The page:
Jump to ContentJump to Main Navigation
Most Underappreciated50 Prominent Social Psychologists Describe Their Most Unloved Work$
Users without a subscription are not able to see the full content.

Robert Arkin

Print publication date: 2011

Print ISBN-13: 9780199778188

Published to Oxford Scholarship Online: March 2015

DOI: 10.1093/acprof:osobl/9780199778188.001.0001

Show Summary Details
Page of

PRINTED FROM OXFORD SCHOLARSHIP ONLINE (oxford.universitypressscholarship.com). (c) Copyright Oxford University Press, 2020. All Rights Reserved. An individual user may print out a PDF of a single chapter of a monograph in OSO for personal use. date: 28 October 2020

The Slow, Halting Appreciation of Close Relationships Research

The Slow, Halting Appreciation of Close Relationships Research

Chapter:
(p.146) The Slow, Halting Appreciation of Close Relationships Research
Source:
Most Underappreciated
Author(s):

John H. Harvey

Publisher:
Oxford University Press
DOI:10.1093/acprof:osobl/9780199778188.003.0028

John H. Harvey reflects on his most underappreciated work: his research on attribution in conflict and separation in close relationships. He first explains how he became involved with Harold Kelley, one of his mentors, in studying attributional and close relationships in the 1970s. He then discusses his experiences in relation to Kelley's pioneering work on relationships before turning to his 1978 paper entitled “Attribution in the context of conflict and separation in close relationships,” written in collaboration with Gary Wells and Marlene Alvarez. That study asked thirty-six unmarried heterosexual couples to indicate their own attribution and predict their partner's attribution of the importance of different causal factors (for example, financial, faithfulness) in their conflict.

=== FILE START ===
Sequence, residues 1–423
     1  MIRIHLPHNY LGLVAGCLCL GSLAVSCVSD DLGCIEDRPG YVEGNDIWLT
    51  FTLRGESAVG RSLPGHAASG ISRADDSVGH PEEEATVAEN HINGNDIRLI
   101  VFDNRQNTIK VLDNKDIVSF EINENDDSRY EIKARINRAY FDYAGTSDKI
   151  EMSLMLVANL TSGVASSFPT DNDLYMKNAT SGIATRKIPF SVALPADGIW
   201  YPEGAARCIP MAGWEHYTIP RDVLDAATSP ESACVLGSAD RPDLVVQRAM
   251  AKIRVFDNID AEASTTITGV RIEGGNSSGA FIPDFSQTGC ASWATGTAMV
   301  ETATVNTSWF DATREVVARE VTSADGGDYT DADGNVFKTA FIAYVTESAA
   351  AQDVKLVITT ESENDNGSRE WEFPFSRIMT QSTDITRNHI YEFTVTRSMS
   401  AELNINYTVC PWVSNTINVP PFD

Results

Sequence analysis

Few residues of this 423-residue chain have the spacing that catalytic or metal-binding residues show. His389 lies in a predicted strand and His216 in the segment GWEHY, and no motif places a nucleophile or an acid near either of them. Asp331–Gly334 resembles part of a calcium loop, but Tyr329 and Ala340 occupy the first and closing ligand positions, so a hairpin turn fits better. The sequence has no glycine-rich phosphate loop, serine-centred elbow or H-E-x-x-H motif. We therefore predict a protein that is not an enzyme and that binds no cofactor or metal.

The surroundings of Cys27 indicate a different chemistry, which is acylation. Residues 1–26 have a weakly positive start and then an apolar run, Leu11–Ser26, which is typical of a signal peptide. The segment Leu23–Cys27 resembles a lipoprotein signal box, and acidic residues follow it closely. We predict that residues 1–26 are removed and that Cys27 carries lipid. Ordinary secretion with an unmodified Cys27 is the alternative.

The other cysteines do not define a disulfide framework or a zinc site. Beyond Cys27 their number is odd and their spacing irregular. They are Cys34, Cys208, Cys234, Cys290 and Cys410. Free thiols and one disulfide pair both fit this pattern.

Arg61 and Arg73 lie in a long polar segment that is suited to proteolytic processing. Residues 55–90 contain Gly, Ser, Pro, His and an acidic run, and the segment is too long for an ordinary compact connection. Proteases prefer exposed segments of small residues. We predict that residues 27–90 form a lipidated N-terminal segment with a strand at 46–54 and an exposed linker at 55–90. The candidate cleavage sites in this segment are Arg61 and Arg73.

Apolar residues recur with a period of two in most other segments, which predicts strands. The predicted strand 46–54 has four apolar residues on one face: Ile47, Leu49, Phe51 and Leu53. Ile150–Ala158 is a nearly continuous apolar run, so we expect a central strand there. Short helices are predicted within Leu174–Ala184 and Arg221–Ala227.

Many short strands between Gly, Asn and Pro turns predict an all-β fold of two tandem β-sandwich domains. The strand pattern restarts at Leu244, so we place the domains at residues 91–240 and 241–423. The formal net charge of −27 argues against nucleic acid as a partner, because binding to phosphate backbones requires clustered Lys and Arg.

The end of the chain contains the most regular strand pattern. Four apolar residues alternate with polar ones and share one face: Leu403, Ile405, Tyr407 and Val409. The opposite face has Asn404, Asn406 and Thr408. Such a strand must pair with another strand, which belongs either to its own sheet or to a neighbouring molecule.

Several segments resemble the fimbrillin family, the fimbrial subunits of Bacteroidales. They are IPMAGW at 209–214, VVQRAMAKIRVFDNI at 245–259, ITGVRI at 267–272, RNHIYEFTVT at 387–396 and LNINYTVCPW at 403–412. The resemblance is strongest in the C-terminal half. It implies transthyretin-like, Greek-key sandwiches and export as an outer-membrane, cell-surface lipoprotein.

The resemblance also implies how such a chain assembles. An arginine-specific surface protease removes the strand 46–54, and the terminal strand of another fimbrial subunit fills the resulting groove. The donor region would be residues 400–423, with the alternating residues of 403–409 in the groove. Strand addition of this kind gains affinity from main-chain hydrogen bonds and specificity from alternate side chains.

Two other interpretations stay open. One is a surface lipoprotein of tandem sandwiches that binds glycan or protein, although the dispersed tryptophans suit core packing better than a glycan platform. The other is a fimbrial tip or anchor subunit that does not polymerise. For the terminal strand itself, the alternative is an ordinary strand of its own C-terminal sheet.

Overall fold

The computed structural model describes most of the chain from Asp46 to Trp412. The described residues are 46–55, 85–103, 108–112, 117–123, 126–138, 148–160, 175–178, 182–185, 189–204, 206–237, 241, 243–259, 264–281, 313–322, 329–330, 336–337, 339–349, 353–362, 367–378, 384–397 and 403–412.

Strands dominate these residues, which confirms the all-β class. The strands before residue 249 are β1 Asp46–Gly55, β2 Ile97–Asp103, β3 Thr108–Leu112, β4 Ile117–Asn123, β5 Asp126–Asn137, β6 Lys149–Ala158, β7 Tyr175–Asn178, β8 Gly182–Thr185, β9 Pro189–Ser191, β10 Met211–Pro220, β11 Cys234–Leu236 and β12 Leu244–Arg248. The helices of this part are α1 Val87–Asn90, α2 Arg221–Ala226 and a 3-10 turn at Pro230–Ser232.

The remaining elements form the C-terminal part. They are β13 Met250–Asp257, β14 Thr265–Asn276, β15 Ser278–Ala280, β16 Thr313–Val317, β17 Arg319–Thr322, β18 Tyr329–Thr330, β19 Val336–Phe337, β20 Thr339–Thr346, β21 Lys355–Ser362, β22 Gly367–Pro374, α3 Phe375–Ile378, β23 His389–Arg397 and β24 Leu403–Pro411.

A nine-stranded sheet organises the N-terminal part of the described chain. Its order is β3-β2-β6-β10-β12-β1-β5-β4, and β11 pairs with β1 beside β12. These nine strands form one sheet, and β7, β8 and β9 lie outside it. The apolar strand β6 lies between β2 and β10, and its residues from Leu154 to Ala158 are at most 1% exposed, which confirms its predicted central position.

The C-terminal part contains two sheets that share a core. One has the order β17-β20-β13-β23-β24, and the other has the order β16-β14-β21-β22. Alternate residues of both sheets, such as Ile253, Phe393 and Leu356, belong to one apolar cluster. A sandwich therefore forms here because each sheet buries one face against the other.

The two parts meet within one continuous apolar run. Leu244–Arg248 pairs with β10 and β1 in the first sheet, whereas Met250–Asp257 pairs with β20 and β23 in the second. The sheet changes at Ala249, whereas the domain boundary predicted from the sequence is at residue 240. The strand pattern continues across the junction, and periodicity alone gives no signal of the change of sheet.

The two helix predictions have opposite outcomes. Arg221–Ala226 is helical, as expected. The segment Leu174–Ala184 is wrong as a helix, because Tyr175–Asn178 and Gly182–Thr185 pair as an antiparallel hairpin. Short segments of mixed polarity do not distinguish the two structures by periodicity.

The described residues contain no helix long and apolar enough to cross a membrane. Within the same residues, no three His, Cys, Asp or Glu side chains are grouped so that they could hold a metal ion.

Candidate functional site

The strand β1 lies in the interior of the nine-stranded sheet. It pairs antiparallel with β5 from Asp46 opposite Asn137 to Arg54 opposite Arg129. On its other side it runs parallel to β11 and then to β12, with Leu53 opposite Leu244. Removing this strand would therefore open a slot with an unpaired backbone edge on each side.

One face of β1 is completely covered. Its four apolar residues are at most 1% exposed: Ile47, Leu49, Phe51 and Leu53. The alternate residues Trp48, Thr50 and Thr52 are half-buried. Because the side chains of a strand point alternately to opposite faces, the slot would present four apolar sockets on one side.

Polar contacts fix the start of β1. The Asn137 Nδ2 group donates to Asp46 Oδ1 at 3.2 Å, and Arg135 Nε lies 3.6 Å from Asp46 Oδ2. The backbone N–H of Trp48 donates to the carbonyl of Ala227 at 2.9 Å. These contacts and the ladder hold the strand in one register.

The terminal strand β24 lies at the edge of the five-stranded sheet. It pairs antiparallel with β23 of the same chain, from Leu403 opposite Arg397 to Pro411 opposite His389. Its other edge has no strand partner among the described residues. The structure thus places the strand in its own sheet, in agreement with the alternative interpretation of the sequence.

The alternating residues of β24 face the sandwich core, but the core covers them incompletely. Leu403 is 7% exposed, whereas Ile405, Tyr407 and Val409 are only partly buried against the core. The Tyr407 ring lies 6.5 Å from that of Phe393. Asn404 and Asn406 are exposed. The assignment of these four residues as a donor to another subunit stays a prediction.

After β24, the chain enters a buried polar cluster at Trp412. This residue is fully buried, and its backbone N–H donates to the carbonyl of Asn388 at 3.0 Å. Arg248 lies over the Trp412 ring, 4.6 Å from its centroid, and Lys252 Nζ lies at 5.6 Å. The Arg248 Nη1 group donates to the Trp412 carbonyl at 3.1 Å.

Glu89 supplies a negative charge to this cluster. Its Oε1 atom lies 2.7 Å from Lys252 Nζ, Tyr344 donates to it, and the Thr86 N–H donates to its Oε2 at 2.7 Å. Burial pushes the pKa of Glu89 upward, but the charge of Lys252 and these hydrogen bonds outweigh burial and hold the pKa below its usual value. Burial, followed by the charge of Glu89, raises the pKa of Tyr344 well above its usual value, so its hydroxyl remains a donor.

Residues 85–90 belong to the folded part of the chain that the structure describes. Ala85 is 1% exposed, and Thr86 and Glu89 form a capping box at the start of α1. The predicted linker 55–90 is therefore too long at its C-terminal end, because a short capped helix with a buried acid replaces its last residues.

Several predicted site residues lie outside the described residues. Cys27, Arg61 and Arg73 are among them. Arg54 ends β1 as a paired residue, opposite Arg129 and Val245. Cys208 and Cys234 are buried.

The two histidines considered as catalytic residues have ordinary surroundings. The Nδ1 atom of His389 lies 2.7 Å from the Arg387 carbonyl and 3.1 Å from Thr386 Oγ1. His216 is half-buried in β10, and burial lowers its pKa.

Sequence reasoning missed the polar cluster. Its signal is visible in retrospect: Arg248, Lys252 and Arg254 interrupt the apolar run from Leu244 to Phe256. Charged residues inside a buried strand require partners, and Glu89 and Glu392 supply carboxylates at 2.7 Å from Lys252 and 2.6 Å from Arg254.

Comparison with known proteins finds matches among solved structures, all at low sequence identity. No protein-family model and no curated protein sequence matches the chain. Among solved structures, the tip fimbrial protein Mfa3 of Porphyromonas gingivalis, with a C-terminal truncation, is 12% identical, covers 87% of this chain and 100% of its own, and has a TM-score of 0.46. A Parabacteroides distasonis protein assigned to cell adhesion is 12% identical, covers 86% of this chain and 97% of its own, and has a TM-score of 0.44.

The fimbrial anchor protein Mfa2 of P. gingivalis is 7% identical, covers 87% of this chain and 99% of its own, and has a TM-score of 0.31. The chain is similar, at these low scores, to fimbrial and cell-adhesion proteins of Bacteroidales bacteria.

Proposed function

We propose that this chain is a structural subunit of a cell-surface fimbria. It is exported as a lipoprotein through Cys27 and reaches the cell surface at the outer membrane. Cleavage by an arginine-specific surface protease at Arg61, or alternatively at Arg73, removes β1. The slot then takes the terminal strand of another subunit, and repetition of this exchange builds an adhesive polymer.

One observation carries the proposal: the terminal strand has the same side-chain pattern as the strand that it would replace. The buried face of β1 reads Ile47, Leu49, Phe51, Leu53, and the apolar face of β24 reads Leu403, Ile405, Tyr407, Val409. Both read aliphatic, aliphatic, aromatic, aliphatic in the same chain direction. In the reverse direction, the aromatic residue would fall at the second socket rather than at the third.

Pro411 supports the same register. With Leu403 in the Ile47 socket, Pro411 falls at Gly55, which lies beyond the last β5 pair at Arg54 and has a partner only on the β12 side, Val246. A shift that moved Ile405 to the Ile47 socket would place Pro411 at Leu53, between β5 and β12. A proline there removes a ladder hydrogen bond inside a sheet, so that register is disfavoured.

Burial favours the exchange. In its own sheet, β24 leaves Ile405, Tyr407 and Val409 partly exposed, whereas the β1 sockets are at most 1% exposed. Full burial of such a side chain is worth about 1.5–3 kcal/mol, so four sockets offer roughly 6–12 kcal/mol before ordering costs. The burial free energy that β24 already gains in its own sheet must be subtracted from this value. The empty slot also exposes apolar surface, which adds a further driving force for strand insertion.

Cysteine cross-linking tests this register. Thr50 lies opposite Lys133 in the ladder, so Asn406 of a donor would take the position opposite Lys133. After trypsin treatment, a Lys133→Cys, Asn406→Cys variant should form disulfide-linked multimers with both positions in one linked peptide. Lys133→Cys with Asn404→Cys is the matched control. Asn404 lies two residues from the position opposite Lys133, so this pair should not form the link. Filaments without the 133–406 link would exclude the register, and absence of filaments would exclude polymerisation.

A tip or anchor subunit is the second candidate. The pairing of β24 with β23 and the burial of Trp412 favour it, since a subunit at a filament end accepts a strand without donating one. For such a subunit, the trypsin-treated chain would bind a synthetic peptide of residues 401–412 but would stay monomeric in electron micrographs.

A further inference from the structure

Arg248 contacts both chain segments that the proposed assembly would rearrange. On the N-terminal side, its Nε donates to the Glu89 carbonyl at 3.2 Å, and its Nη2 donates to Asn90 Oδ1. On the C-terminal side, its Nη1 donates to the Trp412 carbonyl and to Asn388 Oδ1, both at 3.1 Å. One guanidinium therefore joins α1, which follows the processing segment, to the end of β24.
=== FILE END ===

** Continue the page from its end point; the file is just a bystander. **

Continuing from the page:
Keywords:   John H. Harvey, attribution, conflict, separation, close relationships, Harold Kelley, Gary Wells, Marlene Alvarez, heterosexual couples

Oxford Scholarship Online requires a subscription or purchase to access the full text of books within the service. Public users can however freely search the site and view the abstracts and keywords for each book and chapter.

Please, subscribe or login to access full text content.

If you think you should have access to this title, please contact your librarian.

To troubleshoot, please check our FAQs , and if you can't find the answer there, please contact us .